While our region hunkered down under a snowy blanket last week, CDI ideology shined brightly at the College Art Association Conference in Chicago. (CAA is the most prestigious and competitive forum for the dissemination of art production and research.) There, Interim Director Scott Betz led a session emphasizing the benefits of collaboration and bringing into focus the artistic language of innovation, creativity, and collaboration.
The conference session blurb describes a clichéd image of a creative genius suffering in isolation for the realization of a calling to paint, sculpt, draw, or write. According to Cathy N. Davidson, 21st century-technology and realities of our brain function promise to change all that. “Global teaming requires an inherent humility, an intuitive and inquisitive gift for unlearning and learning, because one’s patterns and expectations constantly come into productive collaboration with those of people schooled in other traditions, other cultures.” In a world where collaborations across disciplines and across vast distances seem omnipresent, how are artists and scholars affected? What are some desirable alternatives to the isolated creative genius icon? In many ways artists, musicians, and actors have been forerunners in the arena of cooperative productivity. How can those practices best inform educational and business structures where independent results have long been required? How does a student or a professional get “credit” for collaborative work?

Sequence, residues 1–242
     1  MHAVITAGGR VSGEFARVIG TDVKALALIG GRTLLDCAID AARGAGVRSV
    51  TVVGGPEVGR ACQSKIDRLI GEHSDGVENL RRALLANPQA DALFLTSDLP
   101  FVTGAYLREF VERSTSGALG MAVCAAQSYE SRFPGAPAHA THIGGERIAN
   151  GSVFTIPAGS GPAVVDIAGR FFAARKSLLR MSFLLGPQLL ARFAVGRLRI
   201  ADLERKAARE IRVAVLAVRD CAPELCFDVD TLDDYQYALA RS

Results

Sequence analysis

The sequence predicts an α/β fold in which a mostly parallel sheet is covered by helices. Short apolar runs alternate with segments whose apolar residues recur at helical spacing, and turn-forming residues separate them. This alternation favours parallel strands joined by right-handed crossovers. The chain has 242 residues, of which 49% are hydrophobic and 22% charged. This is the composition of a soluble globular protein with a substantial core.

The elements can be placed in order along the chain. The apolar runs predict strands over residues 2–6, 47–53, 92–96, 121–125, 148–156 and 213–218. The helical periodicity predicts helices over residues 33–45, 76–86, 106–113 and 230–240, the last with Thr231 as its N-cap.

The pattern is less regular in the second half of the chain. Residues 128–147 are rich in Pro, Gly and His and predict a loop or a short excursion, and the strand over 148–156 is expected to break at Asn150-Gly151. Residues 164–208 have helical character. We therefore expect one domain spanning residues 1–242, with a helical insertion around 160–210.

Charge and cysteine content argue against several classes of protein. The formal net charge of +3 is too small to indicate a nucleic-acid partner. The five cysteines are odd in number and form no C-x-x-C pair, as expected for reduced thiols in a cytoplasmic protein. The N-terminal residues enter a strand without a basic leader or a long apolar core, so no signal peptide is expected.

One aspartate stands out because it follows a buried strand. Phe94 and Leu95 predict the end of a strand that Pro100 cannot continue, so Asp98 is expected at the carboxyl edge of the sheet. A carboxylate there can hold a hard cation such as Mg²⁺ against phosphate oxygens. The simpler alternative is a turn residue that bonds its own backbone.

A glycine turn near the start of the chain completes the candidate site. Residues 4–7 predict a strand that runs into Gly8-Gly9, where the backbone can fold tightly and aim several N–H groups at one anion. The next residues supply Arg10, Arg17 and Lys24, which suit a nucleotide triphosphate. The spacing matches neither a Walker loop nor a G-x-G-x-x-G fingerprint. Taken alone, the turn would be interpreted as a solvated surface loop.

Betz contributed to this discussion, highlighting collaborations that allow richer and more dynamic growth in both areas of art and science, focusing attention on the critical need to create ways to occupy the artistic void in 3D print research, thus bringing the artist firmly into the technical conversation.